Gov. Ralph Northam came to Danville Community College earlier this month with a simple message: A healthy, well-rounded economy is one that provides jobs across a variety of sectors for a wide range of workers with a multitude of skills. It’s a message society needs to hear as the drumbeat of “college for everyone” grows ever louder.

His message was blunt and to the point: “There are a ton of jobs that we don’t need a four-year college education for.” And we would emphatically add that they are jobs that are just as important economically, too.

They’re the jobs DCC and other community colleges across the commonwealth are training people for every day, jobs in the nuclear services industry, welding, precision machining, computer-aided design, IT support, the culinary arts, HVAC design and installation, building trades and a host of other sectors. And they’re not jobs that require a four-year degree.

It is a myth that everyone should go to a four-year college or university, and it’s a myth that has been perpetuated for far too long with dire repercussions for the national economy. Indeed, the U.S. Department of Labor has documented, year after year, the shortage of job applicants in such crucial sectors of the economy as welding, precision machining and HVAC. Workers in those and similar fields are getting closer to retirement, but there aren’t nearly enough people in the pipeline to take their places when the retirement wave reaches full peak.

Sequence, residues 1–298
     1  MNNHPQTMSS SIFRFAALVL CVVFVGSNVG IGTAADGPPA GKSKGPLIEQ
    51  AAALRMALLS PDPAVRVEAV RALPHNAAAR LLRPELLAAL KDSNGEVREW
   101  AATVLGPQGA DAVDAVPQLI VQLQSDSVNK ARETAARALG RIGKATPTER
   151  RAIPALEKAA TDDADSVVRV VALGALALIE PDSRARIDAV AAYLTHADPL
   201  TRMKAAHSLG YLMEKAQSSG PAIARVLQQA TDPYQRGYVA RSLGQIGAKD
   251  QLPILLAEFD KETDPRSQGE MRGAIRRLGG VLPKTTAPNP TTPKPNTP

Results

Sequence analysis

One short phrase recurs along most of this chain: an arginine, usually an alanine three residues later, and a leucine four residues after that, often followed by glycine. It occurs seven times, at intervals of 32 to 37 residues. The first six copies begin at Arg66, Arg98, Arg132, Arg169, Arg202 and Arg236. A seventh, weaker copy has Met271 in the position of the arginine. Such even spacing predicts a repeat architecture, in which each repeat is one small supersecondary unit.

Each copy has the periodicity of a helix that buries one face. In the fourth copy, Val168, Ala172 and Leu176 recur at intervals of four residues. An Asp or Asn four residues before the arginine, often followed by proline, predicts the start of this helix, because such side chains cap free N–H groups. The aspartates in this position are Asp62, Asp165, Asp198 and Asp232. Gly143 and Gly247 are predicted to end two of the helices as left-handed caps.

Why? Because society has conditioned us to see jobs in terms of “good” jobs and “bad” jobs, “white collar” vs. “blue collar.” Parents and many in the educational establishment see “success” only as a obtaining a white-collar, management-track job in an air-conditioned office. Anything else is perceived as failure or, at best, not as good.

During his visit to DCC, Northam heard plenty about the stigma part of society attaches to technical jobs and how we can counter the negative perceptions of such jobs.

Part of the problem, participants in the governor’s roundtable learned, was that young people who would be perfect candidates for highly skilled, highly paid technical jobs often don’t learn about those fields soon enough in their educational careers. As Northam pointed out, Virginia has a severe shortage of career counselors in its public schools, currently one career counselor for every 450 students. “We need more counselors in our schools,” the governor said. “We need to get it down to 250-to-one.”

Another way to combat the negative perceptions of technical jobs is to educate the public at large about their importance, something Patrick County’s director of career and technical education Robin Ferguson pointed out. She suggested to the governor the need for a multi-pronged, statewide educational campaign to shine a spotlight on the importance of these fields to the economy and the advantages to young people searching for opportunities. “There are amazing jobs and opportunities, and [students] can make a good living doing what they doing what they love,” she said.

Indeed there are. That’s a message we need to drive home as strongly as possible in these days of economic change.

Breaking & daily news emails

* I understand and agree that registration on or use of this site constitutes agreement to its user agreement and privacy policy.
Load comments